The Queen's speech set out plans including a new visa to ensure qualified doctors, nurses and health professionals from overseas have fast-track entry to the UK.
A briefing note from the prime minister's office that accompanied the speech reiterated the government's promise to deliver 50m more appointment in GP surgeries every year and its plans to provide '6,000 more doctors and 6,000 more primary care professionals in general practice'.
The DHSC confirmed to GPonline that the 6,000 GP workforce figure referred to full-time equivalent roles and that the target was to be acheived by 2024/25.
The Queen's speech also unveiled plans for an NHS funding bill, which will enshrine in law the multi-year settlement agreed earlier this year that delivers a £33.9bn cash increase in funding for the health service by 2023/24. The increase is worth £20.5bn in real terms.
Meanwhile, the government will seek cross-party consensus on long-term reform of social care and further work will continue to reform the Mental Health Act.
Number 10's briefing note on the speech also aimed to quell fears about the future of the NHS as the UK leaves the EU next year. It said the 'NHS is not, and never will be, for sale' in any future trade negotiations.
The document added: 'The government is committed to the guiding principles of the NHS – that it is universal and free at the point of need. The price the NHS pays for drugs is not on the table.'
NHS long-term plan
The government also intends to put forward legislation to support the NHS long-term plan, following recommendations from NHS England earlier this year.
NHS England said that legislative change was necessary to help deliver integrated care and enable different parts of the NHS to work more effectively with each other and partners. Chief among its recommendations is to repeal legislation that forces the NHS to automatically tender contracts, which was introduced as part of the Health and Social Care Act in 2012.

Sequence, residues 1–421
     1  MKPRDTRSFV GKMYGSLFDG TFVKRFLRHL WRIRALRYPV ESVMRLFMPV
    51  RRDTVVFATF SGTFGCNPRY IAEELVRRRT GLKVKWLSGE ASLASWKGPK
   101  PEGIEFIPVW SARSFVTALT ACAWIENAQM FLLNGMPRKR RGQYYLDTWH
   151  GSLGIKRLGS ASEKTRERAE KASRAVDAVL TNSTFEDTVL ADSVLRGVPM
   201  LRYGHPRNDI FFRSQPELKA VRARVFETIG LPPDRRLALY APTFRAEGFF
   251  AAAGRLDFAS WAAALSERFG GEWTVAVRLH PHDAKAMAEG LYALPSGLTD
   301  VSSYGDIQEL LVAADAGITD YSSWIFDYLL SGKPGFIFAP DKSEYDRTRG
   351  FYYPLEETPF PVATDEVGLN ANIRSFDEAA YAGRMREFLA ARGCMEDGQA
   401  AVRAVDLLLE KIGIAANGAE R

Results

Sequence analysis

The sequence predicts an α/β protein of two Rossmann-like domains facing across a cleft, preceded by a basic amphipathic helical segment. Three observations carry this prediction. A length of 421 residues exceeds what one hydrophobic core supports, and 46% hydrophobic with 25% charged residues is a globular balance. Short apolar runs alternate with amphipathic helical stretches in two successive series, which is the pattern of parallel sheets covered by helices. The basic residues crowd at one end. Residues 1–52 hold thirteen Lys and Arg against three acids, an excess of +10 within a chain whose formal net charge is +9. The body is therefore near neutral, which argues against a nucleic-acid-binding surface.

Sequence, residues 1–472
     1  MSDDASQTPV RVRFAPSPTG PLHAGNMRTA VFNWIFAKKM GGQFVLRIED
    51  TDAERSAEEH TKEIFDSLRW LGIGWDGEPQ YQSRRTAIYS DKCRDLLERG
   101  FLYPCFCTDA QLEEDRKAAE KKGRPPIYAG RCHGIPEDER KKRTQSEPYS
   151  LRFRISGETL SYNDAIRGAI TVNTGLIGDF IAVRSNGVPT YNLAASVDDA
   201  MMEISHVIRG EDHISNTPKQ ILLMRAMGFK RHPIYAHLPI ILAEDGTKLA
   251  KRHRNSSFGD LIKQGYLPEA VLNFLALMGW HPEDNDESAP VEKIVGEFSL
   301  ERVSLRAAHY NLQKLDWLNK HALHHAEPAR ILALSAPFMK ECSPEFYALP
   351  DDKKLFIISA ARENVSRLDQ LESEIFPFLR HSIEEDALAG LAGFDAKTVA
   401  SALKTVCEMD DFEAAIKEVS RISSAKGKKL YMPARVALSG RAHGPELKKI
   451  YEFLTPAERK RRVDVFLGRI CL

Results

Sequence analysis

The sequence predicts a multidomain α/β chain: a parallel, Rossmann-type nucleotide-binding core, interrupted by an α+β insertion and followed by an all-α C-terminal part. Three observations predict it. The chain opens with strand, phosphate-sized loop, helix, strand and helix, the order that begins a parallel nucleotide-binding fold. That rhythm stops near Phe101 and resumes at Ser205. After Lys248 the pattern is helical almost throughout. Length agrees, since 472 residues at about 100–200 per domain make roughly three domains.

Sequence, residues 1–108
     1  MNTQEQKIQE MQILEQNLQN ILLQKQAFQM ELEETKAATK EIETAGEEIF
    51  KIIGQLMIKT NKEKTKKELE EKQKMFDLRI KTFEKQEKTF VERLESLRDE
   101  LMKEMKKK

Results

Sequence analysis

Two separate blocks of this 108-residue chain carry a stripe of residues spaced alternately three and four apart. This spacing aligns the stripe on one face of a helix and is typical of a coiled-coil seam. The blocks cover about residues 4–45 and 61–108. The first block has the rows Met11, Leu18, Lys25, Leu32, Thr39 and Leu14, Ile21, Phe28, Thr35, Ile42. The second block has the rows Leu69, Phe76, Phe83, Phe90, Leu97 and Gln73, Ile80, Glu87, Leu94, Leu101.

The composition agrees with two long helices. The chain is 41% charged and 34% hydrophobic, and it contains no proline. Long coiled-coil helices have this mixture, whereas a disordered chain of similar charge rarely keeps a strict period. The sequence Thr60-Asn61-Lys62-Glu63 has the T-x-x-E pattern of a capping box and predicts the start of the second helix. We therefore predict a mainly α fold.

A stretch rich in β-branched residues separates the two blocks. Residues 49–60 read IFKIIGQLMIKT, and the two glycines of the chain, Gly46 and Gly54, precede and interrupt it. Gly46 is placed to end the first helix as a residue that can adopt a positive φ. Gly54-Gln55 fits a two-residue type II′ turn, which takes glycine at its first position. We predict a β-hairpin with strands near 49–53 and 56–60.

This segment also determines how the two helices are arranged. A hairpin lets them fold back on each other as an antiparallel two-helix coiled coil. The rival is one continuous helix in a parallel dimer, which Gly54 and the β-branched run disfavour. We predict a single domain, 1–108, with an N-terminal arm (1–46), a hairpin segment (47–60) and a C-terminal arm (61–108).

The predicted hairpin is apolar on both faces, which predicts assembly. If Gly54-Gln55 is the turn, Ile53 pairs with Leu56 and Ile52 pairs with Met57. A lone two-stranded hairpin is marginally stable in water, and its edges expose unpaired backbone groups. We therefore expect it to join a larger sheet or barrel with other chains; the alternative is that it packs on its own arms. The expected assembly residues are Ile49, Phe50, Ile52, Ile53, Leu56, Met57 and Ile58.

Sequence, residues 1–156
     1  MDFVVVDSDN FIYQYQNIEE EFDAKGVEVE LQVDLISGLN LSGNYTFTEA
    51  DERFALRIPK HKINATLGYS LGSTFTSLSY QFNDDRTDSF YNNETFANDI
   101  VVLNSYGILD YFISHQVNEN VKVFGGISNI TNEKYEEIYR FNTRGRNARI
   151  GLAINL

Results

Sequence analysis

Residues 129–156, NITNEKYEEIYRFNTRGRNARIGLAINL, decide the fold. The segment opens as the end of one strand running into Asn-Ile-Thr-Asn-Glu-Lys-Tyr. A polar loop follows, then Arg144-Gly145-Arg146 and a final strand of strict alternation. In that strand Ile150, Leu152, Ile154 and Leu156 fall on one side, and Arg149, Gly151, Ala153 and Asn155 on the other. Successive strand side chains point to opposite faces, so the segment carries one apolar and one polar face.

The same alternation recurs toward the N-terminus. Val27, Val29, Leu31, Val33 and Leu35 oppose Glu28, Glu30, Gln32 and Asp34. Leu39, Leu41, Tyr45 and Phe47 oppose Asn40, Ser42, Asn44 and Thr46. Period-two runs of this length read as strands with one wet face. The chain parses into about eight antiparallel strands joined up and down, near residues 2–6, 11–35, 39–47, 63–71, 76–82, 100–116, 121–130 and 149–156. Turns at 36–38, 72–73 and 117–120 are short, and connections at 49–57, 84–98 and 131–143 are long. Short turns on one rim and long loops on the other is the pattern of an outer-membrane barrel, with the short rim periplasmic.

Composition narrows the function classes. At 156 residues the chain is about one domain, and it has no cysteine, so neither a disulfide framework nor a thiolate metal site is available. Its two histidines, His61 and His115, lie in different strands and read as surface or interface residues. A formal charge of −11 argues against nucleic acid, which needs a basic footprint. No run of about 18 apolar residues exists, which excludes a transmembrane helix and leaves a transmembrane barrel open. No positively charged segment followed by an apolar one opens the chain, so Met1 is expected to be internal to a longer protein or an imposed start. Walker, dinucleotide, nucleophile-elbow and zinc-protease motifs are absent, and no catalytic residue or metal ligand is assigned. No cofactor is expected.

RCGP chair Professor Martin Marshall said that the commitment in law to fund the NHS was 'both a relief and a necessity'. However, he added: 'We now need detail and we need general practice to feature prominently in any plans for the future of our health service.
'The secretary of state for health and social care has described general practice as the "bedrock of the NHS" and it is – we hope these words, and the government’s pledges, will be followed by the funding and resources necessary to deliver more GPs, more members of the practice team, and more support for frontline GPs, delivering care to more than a million patients every day.'
BMA chair Dr Chaand Nagpaul said: 'The prime minister has rightly said that the NHS is ‘top priority’ – and he needs to be realistic of the scale of the task at hand. While it’s encouraging to see NHS funding guaranteed in law, the BMA has been clear that the money pledged by the government falls short of what’s needed to make up for years of underinvestment and to meet the rising health needs of Britain in the future.
'The NHS relies on the people who keep it running and it is vital that the government supports the workforce and redoubles efforts to recruit and retain staff. For example, an NHS visa system, as confirmed today, is a positive step, but if we are to truly welcome talented international healthcare workers, the financial hurdles of visa fees and the immigration health surcharge must go.
Dr Nagpaul added that an urgent change in pension tax legislation was also needed 'if we are to prevent experienced doctors reducing hours or leaving the profession altogether'.
Professor Marshall wrote to prime minister Boris Johnson yesterday calling for the government to deliver on its pre-election promise to deliver 6,000 more GPs - warning that many in the profession are working beyond maximum capacity and facing burnout.
With more GPs leaving the profession than joining it, he warned, general practice is 'fighting a losing battle'.